In their ongoing "Cash for Compliance?" series, the reporters revealed how a group called Advocates for Individuals with Disabilities (AID) grossly exploited the Americans with Disabilities Act and leveraged it into a money-making machine cloaked as a non-profit organization. The reporters have produced more than two dozen stories that systematically unraveled AID's multi-layered enterprise and showed its deception, hypocrisy, motives and players. Their major findings include: - AID’s own facilities had the same violations as the 1700 businesses they’ve sued. - No one with disabilities ever visited the businesses AID sued. - The IRS granted AID official non-profit status. However, on its IRS application, the reporters uncovered AID didn’t disclose any information about its lawsuits and its plan to self-fund through litigation. The reporters also revealed that AID set up other business entities that shuffle funds. - AID is secretly funded and backed by a controversial entrepreneur with a history of consumer fraud. - The lead attorney for AID has a history of ethical violations. The reporters also discovered that he made repeated mistakes in AID’s lawsuits. The State Bar of Arizona has interviewed many of the people featured in their reports.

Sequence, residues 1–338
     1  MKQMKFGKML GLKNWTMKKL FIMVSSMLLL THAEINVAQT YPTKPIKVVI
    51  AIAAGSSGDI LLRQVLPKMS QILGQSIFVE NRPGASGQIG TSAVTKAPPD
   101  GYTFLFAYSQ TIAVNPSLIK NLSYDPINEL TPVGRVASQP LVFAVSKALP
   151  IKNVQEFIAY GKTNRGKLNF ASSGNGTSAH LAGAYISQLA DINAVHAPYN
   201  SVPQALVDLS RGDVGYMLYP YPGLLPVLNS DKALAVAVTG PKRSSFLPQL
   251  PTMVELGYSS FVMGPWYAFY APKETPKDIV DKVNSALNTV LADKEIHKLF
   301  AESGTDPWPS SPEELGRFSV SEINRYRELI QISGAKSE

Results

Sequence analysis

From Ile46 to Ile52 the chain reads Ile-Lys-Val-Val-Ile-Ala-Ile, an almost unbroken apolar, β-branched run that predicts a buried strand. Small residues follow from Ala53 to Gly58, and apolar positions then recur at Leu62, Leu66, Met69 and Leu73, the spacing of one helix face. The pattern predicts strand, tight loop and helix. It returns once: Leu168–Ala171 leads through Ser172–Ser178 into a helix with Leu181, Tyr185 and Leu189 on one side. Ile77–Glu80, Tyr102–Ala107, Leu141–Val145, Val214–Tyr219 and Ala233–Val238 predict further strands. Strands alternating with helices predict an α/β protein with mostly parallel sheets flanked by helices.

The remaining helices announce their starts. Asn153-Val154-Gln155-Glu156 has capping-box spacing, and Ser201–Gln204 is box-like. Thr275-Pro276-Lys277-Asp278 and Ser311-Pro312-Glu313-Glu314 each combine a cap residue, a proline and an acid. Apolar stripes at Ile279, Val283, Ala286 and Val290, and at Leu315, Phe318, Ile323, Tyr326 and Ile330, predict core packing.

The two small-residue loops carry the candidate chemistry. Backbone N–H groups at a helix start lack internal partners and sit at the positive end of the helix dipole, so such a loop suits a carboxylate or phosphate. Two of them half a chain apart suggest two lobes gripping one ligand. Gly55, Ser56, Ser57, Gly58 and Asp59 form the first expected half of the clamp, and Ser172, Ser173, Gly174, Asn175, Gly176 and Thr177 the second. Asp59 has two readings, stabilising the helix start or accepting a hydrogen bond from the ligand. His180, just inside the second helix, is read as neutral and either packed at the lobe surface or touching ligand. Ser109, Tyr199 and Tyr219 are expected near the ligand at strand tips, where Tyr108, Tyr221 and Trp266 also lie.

• Fatal shooting exposes nepotism in the California Senate

    The California Capitol was rocked last year by criminal charges against three state senators accused in unrelated cases of bribery, perjury and conspiracy to traffic weapons. These were high-profile cases that garnered widespread media attention and public hand-wringing by politicians. What wasn't being covered by anyone else was the stories you will read here, about an ethical crisis simmering in the administrative side of the state Senate -- problems that had been largely ignored by the politicians elected to run the house. This entry includes 11 news stories I wrote over six months, a mix of enterprise investigations and breaking news. Rosenhall coverage led to significant changes in the administration of the California Senate.
  • House Stealing Investigation Changes State Law